Students Weigh in on Class Ranking System

Blunt favored the class rank system.

Blunt favored the class rank system.

Sara Riley Kight, Staff Writer

Beginning with the class of 2022, Kempsville’s current juniors, Virginia Beach City Public Schools will be doing away with the traditional high school class ranking system. Instead, the school system is opting for the Latin Honor system, a more collegiate style of academic success indicator. However, many of Kempsville’s students are divided over how this might affect their high school careers.

Many, including Kempsville High School juniors Mary Casper and Athena Zengewald, support the notion to maintain the classic ranking system.

“Healthy competition is always good to keep students motivated,” said Casper in support of the class ranking system of years past.

Zengewald was of a similar mindset, stating, “Competition can serve as motivation.”

Some students simply want to know where they stand at the end of a long four-year journey. Damien Smith expressed his desire to know how high he ranked, stating “I am just curious about it.”

While many view the competition as a good thing, others see the possible dangers and stress the competition for rank places on students.

Miranda Ramos, a senior and member of the final class to receive the designations of Valedictorian and Salutatorian, spoke about the pressure students put on themselves to rank high.

“The pressure students put on themselves is too much and getting rid of [valedictorian and salutatorian] lessens that pressure, hopefully allowing students to realize they are more than a title and more than a GPA,” said Ramos.

The Latin Honor system puts students into percentage categories based on Grade Point Average, designating those with higher GPAs, like 3.0 or 4.0, with titles like ‘Magna Cum Laude’ or ‘Summa Cum Laude.’ VBCPS aimed to make the ranking system less exclusive to those involved in private academic programs, which eliminated the majority of the general student body from running for first place. Find more information about VBCPS’ plan for the Latin Honors system here.

Ramos said, “It also allows more students to take dual-enrollment classes and not worry about it affecting whether or not  they may or may not be valedictorian [because dual enrollment classes are not weighted].”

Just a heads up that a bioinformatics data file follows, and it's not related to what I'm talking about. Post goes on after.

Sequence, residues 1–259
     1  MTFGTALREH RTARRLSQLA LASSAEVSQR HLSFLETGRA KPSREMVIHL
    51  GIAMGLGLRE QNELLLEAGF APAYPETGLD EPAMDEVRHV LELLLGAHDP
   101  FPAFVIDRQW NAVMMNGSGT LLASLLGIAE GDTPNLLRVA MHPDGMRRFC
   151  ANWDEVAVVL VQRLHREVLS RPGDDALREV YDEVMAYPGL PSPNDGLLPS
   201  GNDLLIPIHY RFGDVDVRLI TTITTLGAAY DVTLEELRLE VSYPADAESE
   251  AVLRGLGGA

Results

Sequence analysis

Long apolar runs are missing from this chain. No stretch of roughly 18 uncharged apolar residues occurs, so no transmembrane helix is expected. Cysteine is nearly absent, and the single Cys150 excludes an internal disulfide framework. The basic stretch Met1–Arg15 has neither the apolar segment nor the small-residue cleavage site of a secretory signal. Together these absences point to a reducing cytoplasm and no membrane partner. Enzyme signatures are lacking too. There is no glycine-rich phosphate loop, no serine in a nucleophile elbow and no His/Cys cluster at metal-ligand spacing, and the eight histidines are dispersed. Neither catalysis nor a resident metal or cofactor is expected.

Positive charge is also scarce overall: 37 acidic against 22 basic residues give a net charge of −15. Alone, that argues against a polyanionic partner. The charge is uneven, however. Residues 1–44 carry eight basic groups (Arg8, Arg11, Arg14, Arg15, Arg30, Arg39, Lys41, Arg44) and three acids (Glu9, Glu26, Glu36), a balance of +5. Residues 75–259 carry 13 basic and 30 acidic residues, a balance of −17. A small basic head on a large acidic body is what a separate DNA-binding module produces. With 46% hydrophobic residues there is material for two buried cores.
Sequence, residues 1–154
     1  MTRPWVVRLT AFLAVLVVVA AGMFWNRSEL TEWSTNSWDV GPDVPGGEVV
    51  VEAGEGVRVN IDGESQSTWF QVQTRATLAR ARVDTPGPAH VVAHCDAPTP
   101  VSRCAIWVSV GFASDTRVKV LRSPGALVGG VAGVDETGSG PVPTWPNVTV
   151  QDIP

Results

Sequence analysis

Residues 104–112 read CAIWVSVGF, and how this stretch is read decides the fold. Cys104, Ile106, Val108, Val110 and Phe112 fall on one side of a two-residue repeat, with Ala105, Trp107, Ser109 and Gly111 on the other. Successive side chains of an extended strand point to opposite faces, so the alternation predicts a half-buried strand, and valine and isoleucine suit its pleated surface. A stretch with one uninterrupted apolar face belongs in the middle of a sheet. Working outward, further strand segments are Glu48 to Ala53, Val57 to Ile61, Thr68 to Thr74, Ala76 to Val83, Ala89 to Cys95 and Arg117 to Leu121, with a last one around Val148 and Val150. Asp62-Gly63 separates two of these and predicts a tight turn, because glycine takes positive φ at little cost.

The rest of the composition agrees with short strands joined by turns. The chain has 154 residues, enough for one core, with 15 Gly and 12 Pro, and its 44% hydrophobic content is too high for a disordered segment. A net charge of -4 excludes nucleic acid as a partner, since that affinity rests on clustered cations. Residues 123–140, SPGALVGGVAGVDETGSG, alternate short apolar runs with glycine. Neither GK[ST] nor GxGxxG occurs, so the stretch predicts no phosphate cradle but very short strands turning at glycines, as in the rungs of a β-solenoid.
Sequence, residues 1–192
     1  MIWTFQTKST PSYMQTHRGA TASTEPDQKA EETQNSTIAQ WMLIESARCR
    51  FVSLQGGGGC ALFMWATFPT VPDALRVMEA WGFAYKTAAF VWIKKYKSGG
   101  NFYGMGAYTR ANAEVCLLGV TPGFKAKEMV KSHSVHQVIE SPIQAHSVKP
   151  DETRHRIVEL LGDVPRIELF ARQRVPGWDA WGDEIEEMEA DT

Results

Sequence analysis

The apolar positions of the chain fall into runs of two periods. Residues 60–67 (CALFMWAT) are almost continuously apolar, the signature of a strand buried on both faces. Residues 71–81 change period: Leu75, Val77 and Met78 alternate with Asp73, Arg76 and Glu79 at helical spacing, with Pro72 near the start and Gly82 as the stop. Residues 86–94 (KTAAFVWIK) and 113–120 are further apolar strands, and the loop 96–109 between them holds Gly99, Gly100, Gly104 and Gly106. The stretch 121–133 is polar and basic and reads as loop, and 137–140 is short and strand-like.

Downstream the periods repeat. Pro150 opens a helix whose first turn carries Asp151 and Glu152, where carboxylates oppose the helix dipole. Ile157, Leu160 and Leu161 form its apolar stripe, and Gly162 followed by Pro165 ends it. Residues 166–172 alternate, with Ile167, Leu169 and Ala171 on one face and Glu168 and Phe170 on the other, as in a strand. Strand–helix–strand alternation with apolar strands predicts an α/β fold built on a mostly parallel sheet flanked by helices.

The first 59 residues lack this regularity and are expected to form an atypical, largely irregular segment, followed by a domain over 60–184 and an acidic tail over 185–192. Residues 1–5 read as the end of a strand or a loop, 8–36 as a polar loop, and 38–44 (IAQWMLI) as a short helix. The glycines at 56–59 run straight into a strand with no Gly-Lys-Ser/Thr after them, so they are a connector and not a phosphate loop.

The goal of the Latin Honors system is to level the playing field for students without the advantage of advanced academic programs, while maintaining the satisfaction of seeing one’s achievements with a proper title. However, some students still argue that the hard work and effort that students put forth to become number one should be recognized with the individual rank of Valedictorian or Salutatorian.

Alayna Mozingo, a member of the class of 2022, asserted her belief that those who give maximum effort for academic excellence should be recognized and rewarded for their hard work.

“I think that if you have worked hard enough for the title, then you should reap the rewards,” she said.

Kalysa Blunt, a junior, shared a similar sentiment, stating that “if a student worked hard enough to earn that right, then they should be able to know.”

N’kosi Poole, a recent graduate from the Entrepreneurship and Business Academy’s first graduating class, acknowledged the possibility for cheating and shortcuts for those in the top ranks, emphasizing that ranks can be easily bypassed.

While Kempsville High School, along with all other high schools in the Virginia Beach district, will be saying goodbye to renowned titles such as Valedictorian and Salutatorian, the change also ushers in new excitement surrounding the labels of Cum Laude, Magna Cum Laude, and Summa Cum Laude, as well as a percentage in place of a specific rank. Opinions aside, only time will tell how the students of Kempsville’s future graduating classes will be affected by the shift in recognition.